Home Care is the Best Care™

Make it Your Mission, To Get Your Pet In Top Shape This Year!

Category: Cat Care, Dog Care, Dog Walking, Pet Health, Pet Tips, Pets | Tags: Tags: , , , , , ,

Date: January 15th, 2014

A recent survey indicates over 50 percent of America’s pet population is overweight or obese. It’s an epidemic now!

To get your pet healthy, or keep your pet healthy and at an optimal weight, food/nutrition & exercise are KEY!

FIRST STEP: DIET & THE RIGHT FOOD!

Very simply put, if your pet is overweight it is taking in (eating) more calories than it needs. Set all excuses aside … excessive weight in an otherwise healthy pet is a direct result of consuming unnecessary amounts of food.  Of course, before starting down this course, consult your vet to make sure your pet doesn’t have any metabolic disorders.

When it comes to diet, feed your pet a high quality food, so he gets the nutrients he needs to keep healthy and full! It’s that easy.  Don’t feed your pet the equivalent of McDonalds every day (Purina, Beneful, Alpo, Kibbles & Bits, etc) because its cheaper, and easier to purchase (at the grocery store).  Spend a little more money and time, and later on down the road, your pet should have fewer medical issues, which means your wallet will suffer less too!

Let’s examine some excuses when it comes to your dog’s feeding habits.  Whether your dog is a good weight or overweight, these 4 points are good to note!

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DO ANY OF THESE SOUND LIKE YOU?? (cats are more of an issue, and overweight issues with cats need to be discussed with a vet)

(1) “But she hardly eats a thing.”  This is probably a case where you feed your dog table food, so she is getting calories from that, and choosing not to eat her own food.  Stop the people food- it’s unwanted calories!

(2) “My pup won’t keep quiet unless she gets her treats. And she won’t go to sleep at night until she gets her little dish of ice cream.”  Congrats, your pet has trained you!  Your pet has discovered that the more noise and fussing it produces the more likely it is to be rewarded for this behavior. The owner finally “gives in” to keep the pet quiet and the pet sees the food as a reward. In effect the owner is creating a “beggar” by rewarding his/her behavior.  You need to break this habit immediately, and re-train, reward for being good and quiet.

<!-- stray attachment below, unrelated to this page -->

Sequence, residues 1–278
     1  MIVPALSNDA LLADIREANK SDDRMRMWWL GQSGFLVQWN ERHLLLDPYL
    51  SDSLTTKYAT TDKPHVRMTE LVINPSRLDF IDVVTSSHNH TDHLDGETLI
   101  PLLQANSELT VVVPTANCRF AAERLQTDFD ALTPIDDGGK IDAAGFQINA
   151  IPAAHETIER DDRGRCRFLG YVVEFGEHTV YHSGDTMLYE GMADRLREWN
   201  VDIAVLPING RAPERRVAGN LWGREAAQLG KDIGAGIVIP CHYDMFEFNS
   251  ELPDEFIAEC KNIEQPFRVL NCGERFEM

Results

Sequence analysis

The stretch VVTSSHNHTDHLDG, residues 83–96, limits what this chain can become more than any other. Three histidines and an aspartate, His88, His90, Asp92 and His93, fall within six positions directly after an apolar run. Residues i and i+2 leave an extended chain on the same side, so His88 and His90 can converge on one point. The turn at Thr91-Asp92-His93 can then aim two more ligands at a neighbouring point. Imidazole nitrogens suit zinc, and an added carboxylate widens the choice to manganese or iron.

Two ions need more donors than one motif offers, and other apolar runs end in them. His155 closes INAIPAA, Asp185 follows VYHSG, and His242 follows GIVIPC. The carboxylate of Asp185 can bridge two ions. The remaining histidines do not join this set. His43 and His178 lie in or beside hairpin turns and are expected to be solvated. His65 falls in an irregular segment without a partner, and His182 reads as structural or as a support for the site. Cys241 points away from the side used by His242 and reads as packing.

(3) “She’s such a good dog we don’t want her to go hungry.”  This dog became overweight because the owner’s signal of affection for their pet has focused on feeding.  It is an understandable trait but unfortunately for the dog it can be a case of too much of a good thing. The owners’ method of showing affection should be directed more toward physical activity than feeding. Think “FETCH” and “TUG” not “FOOD”!

(4) “She just refuses to eat dog food.” In this case the dog has trained the owners to feed him/her such things as chicken, liver, ice cream, cookies, etc.  This dog has been given a choice of what to eat and has chosen certain people food.  The dog usually overeats because s/he isn’t getting a proper balance of nutrition, plus everything tastes so good there is a reward factor in eating. The solution is … you choose, not your pet.  Leave down the dog food, and don’t worry if she doesn’t eat it right away, she won’t starve herself.  A dog can go without food for 5 days before you have to worry (as long as she is in relatively good health and not diabetic).

SECOND STEP: THE RIGHT AMOUNT OF EXERCISE

Exercise is beneficial for your pets in so many ways- it helps decrease stress, improve sleeping habits, maintain or loose weight, and you know the old saying- A TIRED DOG IS A GOOD DOG!

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The type and amount of exercise needed can differ greatly with breed, age and energy level of your pet. However, it is important to choose the right type of exercise for your pet with the help of a veterinarian if your pet is overweight.  With their assistance you should be able to bring your pet back to their optimal weight.  Arthritis, diabetes, cardiovascular problems are just some of the issues your pet will deal with if he or she is overweight. According to the Association for Pet Obesity Prevention, it may even decrease their life expectancy by up to 2.5 years.  So if it is so bad as to affect our pet’s health, how are we letting it happen?

Exercise is important for all pets, overweight or not!

Whiskers and Leo does offer dog walking and dog running if you need extra help exercising your dog!  As for cats, cats need daily exercise too, but more in the form of play.  We do offer cat visits if your feline needs some extra attention and play!

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